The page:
Photographer’s Ingredients for Creativity

Inspiration from Photographers

I have many different things that I use to keep me inspired and keep those creative juices flowing. One of the best ways to be inspired is from other photographer’s work. One of the photographers I have followed my entire career is William Albert Allard.

There are two things that I continue to learn from him. First I am really inspired by his vision and capturing moments. The thing that makes his work stand out from so many other photographers through the years was he was able to control the exposure in such a way to create a mood with his photos. He is one of the few photographers of his generation that spent most of his entire career shooting color.

When I think of his color photos I think of Allard shaving the exposure ever so slightly to make the reds richer or going the other way and making it more of a pastel.

One thing I admired most about the subjects of Allard’s camera was the dignity that is preserved. He often romanticized the characters and made them hero’s by the camera angle, the light and the moment he decided to capture for the audience.

When I started out I just thought I too would just pick up the camera and walk out the door and do the same images that he captured. Now I understand even more that William Allard had to get permission to capture those images. He didn’t use some technique to squeeze off a frame without them knowing he was there.

Allard wove himself into the fabric of their lives. Once I discovered this about his work I wanted to hear him speak and find out how he got that kind of access.

Recently I was inspired by Christopher Capozziello or as his friends call him “Capi”.  Capi decided to do a very personal and intimate story about his relationship with his twin brother Nick who has cerebral palsy. The result was a short film and book. The book The Distance Between Us is something I would recommend to any storyteller.

Willing to tell your own story like Capi did with his brother Nick really will help him going forward in my opinion for a few reasons. First it showed that he was willing to be vulnerable and transparent. You can tell he was careful to protect his brother, but at the same time looked for moments that would be appropriate to share that helped tell of the struggles not only for Nick for also for Capi himself.

Do I have the right to tell anyone’s story if I am unwilling to be as transparent as Capi?

Inspiration Gear

It is a very expensive way to get inspired, but I cannot dismiss this as a way to get those juices flowing. I know of photographers who for no other reason than frustrated that they have tried almost everything for inspiration to change over to a new camera system.

One of the primary driving factors of the mirrorless camera is many photographers are finding their present DSLR cameras limiting them in some way. One of the biggest factors is the weight of cameras. Bill Fortney, retired Nikon Rep, is using the Fuji system for this reason. Read his latest blog post Fuji X-System REPORT CARD – One Year In.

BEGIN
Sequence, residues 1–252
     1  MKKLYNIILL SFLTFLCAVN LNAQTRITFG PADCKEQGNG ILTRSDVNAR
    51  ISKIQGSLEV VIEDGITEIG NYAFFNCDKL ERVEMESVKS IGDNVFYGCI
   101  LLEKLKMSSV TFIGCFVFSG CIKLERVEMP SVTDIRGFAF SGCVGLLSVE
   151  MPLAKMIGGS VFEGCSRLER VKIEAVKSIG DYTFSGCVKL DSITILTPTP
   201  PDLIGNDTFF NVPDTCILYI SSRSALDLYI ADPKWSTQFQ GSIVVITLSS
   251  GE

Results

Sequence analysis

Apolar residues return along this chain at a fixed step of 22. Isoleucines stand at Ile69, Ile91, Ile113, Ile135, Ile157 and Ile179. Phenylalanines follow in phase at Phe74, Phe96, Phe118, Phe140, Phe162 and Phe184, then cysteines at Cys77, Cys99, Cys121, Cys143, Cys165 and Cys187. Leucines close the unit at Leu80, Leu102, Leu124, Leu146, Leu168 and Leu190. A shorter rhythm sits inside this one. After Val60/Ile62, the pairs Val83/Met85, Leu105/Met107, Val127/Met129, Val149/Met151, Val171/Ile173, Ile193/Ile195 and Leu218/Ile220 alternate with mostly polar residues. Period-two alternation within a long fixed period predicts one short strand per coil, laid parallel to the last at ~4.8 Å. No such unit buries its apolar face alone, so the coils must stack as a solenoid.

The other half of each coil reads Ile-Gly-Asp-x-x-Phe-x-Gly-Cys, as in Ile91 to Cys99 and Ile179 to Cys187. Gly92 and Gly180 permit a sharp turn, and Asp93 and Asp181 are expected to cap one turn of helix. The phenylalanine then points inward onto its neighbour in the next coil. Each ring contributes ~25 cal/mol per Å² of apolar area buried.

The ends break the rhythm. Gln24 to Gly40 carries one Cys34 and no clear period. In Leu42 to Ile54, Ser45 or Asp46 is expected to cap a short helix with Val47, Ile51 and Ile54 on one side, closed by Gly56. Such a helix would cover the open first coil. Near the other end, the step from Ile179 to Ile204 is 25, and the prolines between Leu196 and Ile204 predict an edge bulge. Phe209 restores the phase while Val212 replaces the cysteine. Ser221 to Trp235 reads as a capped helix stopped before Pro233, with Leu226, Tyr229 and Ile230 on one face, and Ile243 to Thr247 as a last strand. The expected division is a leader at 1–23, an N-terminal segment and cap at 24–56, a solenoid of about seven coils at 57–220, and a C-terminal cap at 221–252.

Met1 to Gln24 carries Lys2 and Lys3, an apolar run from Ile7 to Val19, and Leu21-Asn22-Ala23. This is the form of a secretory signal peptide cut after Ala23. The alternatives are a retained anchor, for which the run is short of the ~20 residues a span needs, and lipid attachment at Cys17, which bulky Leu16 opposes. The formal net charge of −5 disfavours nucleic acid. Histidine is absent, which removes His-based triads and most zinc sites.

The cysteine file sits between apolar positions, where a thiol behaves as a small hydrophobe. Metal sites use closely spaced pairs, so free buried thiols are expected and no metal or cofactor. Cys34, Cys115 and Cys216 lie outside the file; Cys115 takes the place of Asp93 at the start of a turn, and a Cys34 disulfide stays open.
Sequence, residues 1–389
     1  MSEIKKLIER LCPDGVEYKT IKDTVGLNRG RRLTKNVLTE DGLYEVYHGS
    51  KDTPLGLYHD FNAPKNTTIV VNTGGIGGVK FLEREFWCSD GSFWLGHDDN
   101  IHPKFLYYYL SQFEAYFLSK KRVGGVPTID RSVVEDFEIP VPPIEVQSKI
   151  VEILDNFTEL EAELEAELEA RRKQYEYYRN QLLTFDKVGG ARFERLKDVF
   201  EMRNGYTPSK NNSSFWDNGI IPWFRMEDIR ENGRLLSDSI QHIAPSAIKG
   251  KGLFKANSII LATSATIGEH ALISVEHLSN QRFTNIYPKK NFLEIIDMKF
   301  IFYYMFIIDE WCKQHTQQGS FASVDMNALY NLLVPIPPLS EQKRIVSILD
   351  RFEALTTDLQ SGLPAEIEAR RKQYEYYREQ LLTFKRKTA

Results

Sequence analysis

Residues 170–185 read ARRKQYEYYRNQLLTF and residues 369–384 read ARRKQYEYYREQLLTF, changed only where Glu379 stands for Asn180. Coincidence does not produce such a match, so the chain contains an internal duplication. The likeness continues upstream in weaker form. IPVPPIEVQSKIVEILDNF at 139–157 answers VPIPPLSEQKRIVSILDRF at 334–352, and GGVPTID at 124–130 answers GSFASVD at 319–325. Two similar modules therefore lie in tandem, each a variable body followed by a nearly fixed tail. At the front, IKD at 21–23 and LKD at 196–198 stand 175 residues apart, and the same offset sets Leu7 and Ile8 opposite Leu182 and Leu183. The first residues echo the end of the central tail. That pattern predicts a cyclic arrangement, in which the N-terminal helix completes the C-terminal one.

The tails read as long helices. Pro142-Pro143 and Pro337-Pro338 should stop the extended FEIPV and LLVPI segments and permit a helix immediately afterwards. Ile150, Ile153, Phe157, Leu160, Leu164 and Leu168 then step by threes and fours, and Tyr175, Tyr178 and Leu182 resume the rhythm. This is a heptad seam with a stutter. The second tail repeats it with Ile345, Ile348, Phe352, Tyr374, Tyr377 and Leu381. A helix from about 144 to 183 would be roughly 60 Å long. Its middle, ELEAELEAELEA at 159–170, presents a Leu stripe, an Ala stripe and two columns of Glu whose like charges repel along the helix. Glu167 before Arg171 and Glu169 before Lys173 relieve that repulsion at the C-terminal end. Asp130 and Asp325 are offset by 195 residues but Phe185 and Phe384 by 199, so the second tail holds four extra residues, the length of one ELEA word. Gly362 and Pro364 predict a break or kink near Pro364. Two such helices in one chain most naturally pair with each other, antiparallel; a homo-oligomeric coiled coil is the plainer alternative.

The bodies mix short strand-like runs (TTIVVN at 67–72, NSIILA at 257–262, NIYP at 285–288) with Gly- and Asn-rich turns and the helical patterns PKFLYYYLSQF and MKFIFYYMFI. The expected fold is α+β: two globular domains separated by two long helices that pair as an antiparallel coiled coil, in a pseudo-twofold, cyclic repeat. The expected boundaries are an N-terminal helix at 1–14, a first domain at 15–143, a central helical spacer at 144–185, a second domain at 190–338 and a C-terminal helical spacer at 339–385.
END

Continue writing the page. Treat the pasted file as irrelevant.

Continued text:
Carrying around a lot of heavy gear all day can keep you from wanting to shoot any more, so gear can help keep you inspired.

Inspiration Websites

I go to websites like Dave Black’s for inspiration. Dave is always trying to figure out ways to take his vision and capture it using light. He is always pushing the limits using high speed sync, painting with light and studying his subject to find those unique moments that he can capture that sets his work apart from the rest of the industry.

Inspiration from Subject Matter

Fuji X-E2, 18-55mm, ISO 200, ƒ/2.8, 1/5

Taking my camera with me every where I go lets the places I visit help to inspire me. Whether I am in Lisbon, Portugal or in my hometown of Roswell, GA I take photos throughout my day.

Fuji X-E2, 55-200mm, ISO 5000, ƒ/3.6, 1/500

Sometimes the photos are just goofy and fun. This I took of us on a air boat in Jacksonville, Florida.

This is a cropped version of the photo below.

What does all this have in common?

Work is what it all has in common and it isn’t something that drops into your lap.

Inspiration comes from perspiration.

How to remain creative as a photographer

Studio Musicians

Professional artists are rarely satisfied with what they have produced. Ask a professional musician what of their work they feel like is just perfect for them and you will most likely hear nothing.

Pam Goldsmith is an emeritus winner of the ‘most valuable player’ award from the national academy of recording arts and sciences. Her viola playing has been heard on countless records, films and television shows. She is vice president of the American viola society and she also plays the viola d’amore. Her articles on the application of scholarly research to performance style have appeared in many journals.

Our family knows Pam because she was my brother-in-laws partner for more than 20 years. This spring our family is going to visit Pam.  Our daughter is looking forward to her first time meeting Pam and playing her viola for Pam.

The last time I was in LA I had dinner with Pam. This is when Pam shared how she was talking with her friends in the viola society and asking when was the last time they played something they liked. They all said they cannot think of one time.